Fifty years teaching law for Professor David McLauchlan

2021 marks the 50th anniversary of Professor David McLauchlan's time at the Faculty of Law.

To celebrate the completion of his 50 years at the Law school, Professor McLauchlan was taken to lunch by the President of the Court of Appeal, Stephen Kós, and the Chief Justice, Dame Helen Winkelmann.
To celebrate the completion of his 50 years at the Law school, Professor McLauchlan was taken to lunch by the President of the Court of Appeal, Stephen Kós, and the Chief Justice, Dame Helen Winkelmann.

Professor David McLauchlan’s enthusiasm for the law, teaching and research certainly doesn’t go unnoticed and, from the moment you meet him, you can tell that enthusiasm hasn’t waned over the last 50 years.

On 1 January 2021, Professor David McLauchlan completed a 50-year milestone at the Faculty of Law. Of that 50 years, about 40 have been as Professor of Law. He was appointed professor in late 1981 at the age of 33, one of the youngest professors in the history of Te Herenga Waka—Victoria University of Wellington.

Professor McLauchlan has taught many generations of students, several of whom have become leaders in the legal profession, business, and government. He has also inspired his students to dream big. A number of his students have gone on to become Superior Court Judges.

Professor McLauchlan is one of the world’s leading figures in the fields of Contract and Commercial Law. He has published two books, and over 160 scholarly chapters and journal articles which have received commendations from the highest echelons of the judiciary. Some of his published work has led to important developments in the law or scholarly debate.

As an indication of his stature in the Law of Contract, Professor McLauchlan is one of the most cited authors in that area. His work has been favourably cited in the House of Lords, the Privy Council, the Supreme Court of Canada, the New Zealand High Court, Court of Appeal and Supreme Court, the English Court of Appeal and High Court, and the Australian Federal and State courts.

Of the last 50 years, Professor McLauchlan initially says, “I don’t really have a highlight, it is just a highlight to have worked here for so long. Although I guess, one of the highlights would include seeing people who were in your classes achieving great things in the profession. That’s not my doing, of course. That’s their doing. They just happen to have been in my classes.

“I think the highlights for me are also the students who say to me: ‘You’ve made me decide not to give up law’ or ‘I thought the law of contract would be boring but it wasn’t’. That’s far more rewarding than a citation by a judge or being part of an important legal development or winning a prize for a book or an article.”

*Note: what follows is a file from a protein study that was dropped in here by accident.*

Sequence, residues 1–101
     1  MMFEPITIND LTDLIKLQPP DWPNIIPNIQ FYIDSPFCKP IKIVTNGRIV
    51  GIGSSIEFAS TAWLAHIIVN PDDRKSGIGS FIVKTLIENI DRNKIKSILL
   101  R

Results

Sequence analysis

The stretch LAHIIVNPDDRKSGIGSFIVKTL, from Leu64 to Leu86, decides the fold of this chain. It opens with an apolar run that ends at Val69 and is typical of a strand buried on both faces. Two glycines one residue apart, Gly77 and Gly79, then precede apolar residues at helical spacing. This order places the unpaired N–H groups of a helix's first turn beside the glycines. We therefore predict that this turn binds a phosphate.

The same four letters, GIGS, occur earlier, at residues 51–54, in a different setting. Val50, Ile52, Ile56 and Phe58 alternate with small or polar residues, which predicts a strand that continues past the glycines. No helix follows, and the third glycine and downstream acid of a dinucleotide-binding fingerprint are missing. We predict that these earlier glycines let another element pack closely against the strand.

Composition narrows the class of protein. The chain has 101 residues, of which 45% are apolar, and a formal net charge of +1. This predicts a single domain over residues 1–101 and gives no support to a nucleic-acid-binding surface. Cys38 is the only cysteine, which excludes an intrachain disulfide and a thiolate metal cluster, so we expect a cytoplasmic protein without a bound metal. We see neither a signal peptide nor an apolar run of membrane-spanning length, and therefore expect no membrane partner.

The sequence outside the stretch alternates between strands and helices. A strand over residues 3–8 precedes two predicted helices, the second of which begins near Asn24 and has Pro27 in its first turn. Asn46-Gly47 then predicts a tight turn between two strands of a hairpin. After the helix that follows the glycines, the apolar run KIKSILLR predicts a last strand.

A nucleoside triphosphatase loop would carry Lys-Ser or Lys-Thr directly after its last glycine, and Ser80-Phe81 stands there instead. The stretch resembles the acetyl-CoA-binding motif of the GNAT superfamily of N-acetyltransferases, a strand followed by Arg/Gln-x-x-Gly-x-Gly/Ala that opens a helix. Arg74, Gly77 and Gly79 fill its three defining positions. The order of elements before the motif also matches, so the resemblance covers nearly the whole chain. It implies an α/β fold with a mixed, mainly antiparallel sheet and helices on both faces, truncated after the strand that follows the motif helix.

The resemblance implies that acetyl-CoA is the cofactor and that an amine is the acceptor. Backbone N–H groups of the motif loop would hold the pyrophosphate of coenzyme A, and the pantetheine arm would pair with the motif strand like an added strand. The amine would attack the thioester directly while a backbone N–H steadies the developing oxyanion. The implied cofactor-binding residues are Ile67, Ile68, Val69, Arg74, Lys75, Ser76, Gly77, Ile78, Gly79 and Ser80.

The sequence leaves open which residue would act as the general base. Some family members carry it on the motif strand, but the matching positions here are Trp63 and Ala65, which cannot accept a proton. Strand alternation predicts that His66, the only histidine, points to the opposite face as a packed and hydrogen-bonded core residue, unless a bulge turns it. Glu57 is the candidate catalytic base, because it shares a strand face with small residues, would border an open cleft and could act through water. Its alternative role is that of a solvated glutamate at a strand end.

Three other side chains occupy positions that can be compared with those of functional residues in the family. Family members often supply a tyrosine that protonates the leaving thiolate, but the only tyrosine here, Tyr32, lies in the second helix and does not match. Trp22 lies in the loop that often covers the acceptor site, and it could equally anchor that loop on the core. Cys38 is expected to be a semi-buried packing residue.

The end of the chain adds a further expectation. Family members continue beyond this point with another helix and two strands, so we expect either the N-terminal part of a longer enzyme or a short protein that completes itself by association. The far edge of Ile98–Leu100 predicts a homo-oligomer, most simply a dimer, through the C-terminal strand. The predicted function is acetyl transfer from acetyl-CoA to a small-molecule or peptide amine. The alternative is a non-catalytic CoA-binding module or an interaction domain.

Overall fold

One of the most significant moments of the last 50 years, was the change in location for the Faculty of Law. The move from Kelburn campus to Old Government Buildings allowed the Faculty to have a place to call home—and a grand one at that.

During Professor McLauchlan’s first 25 years at the Law school, he felt as though they were constantly on the move. He describes the Faculty of Law as having been the “Peripatetic Faculty”. In 1971, when Professor McLauchlan first started, the Law school offices were split between the Hunter Building and the Kelburn Parade houses, then came Rankine Brown, next the Old Kirk Building, and finally Old Government Buildings where the Law school has resided for 25 years. The current accommodation allows law students and staff to build closer links to the profession, the judiciary, and government.

Professor McLauchlan acknowledges that there have been other significant and welcome changes during the last half-century. These include greater ethnic diversity and a much-improved gender balance in the academic staff. He says, “Today, 40 percent of our academics are women compared to just a handful when I first started in the Faculty. We now have numerous extraordinarily capable and high-achieving women in the Faculty, although we still have a little way to go to achieve absolute equality of representation.”

Secondly, there are improved systems in place for promotion, particularly to professorial level. When Professor McLauchlan first started, the number of professorial positions was limited and advancement was dependent on someone leaving or passing on. Now, however, there are ways of advancing through the University’s internal promotion system that allow deserving colleagues to be promoted to the rank of professor. Today, there are about four times as many professors in the Faculty compared to the numbers in the 1970’s and 80’s.

Finally, the student body has grown significantly since the 1970’s and 80’s. And Professor McLauchlan says, “Despite the pressures they are under, the great majority of students are hard-working, good-natured, and appreciative of what we are doing.”

Not only has number of students studying law grown but so too has the number of high achievers. This is reflected in the number of students who achieve first-class LLB honours. Each year, the Faculty has 20 or more students achieving this award compared to often just one or two during the 1970’s and 80’s.

Professor McLauchlan has enjoyed his chosen career over the last 50 years and says, “I have had one of the best jobs I could possibly have had.”

Words he lives by and regards as his motto, by US Professor Harold J Berman, are on the notice board outside his office. “If a scholar is not a teacher, his scholarship will be sterile. If a teacher is not a scholar, his teaching will be superficial.” Professor McLauchlan believes the key to being a good teacher is enthusiasm and simply wanting to be there in the classroom to challenge the students—two attributes he has possessed unfalteringly over the last 50 years.